by Diana DeVaul
I came across The Gentle Art of Swedish Death Cleaning by Margaretta Magnusson as advertised by one of my favorite little bookstores. Of course the name caught my attention and being that I was in a cleaning mode, I gave it a try. The author is charming and straightforward. It was a quick read, some of which I did not find to have practical applications, but it did give me a few nuggets of wisdom that have been helpful. Below are a few of my favorite excerpts, but I encourage you to read the entire book if these strike a chord with you.
“Life will become more pleasant and comfortable if we get rid of some of the abundance.”
I find this to be true. Even though giving away my things can be painful, once I am through, I feel lighter and my home looks better. There is less to take care and less to manage so clearing clutter becomes the ultimate time-saver. Organizing is also much easier when there is less to organize.
“In my opinion, all garments in a closet should look good together, and you should be able to mix and exchange them with one another.”
This has been my goal regarding the clothes in my closet. The ultimate resource for learning how to make the most of fewer pieces is by signing up for a Get Your Pretty On Style Challenge (GYPO). I am into my second year of an annual GYPO membership which includes four seasonal challenges, and my closet has been happily transformed. In addition, I have learned how to effortlessly polish off each outfit I create with tips on trends and accessories. You can also learn how to curate a stylish wardrobe with GYPO’s Closet Staples Wardrobe Builder. You might even surprise yourself with how many of these pieces you already own. With the wonderful support of the GYPO community, I now have a solid base of classic basics that wonderfully mix and match and make choosing my daily style easy.
“When you live in a big city where people seem to replace their kitchen and bathroom fixtures as often as I replace an old sweater, you will see huge dumpsters on the sidewalks filled with bathtubs, sinks and toilets. When the next owner wants to put their personal stamp on the apartment, everything is changed again; it may be one year or two!”
Here the author is making the point about our culture of consumption. This was impactful to me because I have been wanting to renovate our home for quite some time. It made me reconsider how much in my home actually needed to be changed. My home is functional and beautiful even though it may be considered outdated. I plan to eventually update the paint colors, add some new rugs and/or pillows and only change out what I absolutely have to (namely carpet that has seen better days, no amount of accessorizing can make that pretty), and leave the rest. Not only will this save me time and money, but there is less waste.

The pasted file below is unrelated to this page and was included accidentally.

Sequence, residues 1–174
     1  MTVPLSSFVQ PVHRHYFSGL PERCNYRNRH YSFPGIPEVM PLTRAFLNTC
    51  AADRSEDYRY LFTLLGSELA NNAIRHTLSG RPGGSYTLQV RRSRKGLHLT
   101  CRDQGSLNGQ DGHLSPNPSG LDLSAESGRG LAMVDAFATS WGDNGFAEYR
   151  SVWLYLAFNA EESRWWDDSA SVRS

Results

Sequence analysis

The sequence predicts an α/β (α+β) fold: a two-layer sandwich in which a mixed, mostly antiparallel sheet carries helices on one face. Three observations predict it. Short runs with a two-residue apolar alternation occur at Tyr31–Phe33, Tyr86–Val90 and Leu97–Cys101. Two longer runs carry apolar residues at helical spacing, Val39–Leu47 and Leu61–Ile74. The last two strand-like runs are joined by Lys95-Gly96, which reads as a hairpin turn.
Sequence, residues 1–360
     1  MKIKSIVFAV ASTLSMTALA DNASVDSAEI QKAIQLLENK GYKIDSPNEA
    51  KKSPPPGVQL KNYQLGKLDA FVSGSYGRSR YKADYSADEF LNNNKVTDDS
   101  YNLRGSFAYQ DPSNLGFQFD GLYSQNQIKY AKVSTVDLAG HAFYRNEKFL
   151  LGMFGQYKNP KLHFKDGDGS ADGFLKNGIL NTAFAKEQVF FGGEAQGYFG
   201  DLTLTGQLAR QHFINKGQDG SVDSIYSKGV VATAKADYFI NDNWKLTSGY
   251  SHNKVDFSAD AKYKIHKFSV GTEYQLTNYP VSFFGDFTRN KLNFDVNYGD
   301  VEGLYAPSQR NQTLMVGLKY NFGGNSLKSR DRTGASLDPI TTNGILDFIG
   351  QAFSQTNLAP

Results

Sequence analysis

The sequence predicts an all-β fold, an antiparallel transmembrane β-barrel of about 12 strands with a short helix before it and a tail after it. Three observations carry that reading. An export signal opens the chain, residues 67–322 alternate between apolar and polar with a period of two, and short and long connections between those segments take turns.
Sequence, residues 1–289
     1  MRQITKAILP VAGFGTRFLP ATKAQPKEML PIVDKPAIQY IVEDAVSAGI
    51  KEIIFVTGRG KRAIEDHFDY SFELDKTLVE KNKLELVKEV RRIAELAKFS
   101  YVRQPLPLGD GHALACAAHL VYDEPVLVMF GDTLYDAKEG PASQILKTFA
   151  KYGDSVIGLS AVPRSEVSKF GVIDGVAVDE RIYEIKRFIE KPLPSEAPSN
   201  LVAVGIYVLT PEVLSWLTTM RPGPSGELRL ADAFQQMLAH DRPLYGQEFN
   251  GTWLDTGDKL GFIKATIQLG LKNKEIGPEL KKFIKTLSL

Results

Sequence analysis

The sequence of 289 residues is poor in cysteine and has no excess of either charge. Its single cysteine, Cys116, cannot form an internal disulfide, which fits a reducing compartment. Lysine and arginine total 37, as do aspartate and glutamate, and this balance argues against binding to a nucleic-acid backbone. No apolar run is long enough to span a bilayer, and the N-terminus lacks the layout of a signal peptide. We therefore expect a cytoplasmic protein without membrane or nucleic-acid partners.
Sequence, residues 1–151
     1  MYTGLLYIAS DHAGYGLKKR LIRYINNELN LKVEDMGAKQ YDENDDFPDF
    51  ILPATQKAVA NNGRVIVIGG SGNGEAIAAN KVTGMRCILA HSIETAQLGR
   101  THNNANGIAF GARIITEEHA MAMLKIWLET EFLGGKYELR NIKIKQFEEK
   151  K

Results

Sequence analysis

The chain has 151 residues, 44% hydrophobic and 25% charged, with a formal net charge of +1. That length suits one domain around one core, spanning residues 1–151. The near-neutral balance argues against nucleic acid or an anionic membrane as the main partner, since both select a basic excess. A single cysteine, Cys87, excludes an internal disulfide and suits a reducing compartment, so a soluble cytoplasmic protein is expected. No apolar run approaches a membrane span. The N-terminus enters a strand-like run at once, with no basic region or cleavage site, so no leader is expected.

“A loved one wishes to inherit nice things from you. Not all things.”
For some reason, this hit home. Maybe it is because I remember how hard it was to clean out my parents’ house after my mom passed away, with much of the burden falling on my sister and dad since I lived out of state. Maybe it is the realization that my things mostly have value only to me. My kids are not going to want every journal I have written in, or keep every card I have ever received in my lifetime. It is better, not always easy, but better to go through things as they arrive and let them go before someone we love has to do it for us.
Remember, we are more than our things. We are loving and loved, kindness given and received, but mostly, what we carry in our hearts is all we ever truly need.
Diana is a stay at home mom to two remarkable boys, J.R and Keaton. She is immensely grateful to the Cubs baseball organization for finally winning a World Series in her lifetime, and for hosting her very first date with her husband, John (married 14 years). She is also a freelance blogger who writes intentionally that others may find hope in her words. You can learn more about her life and family on her personal blog Writes For All Mommies.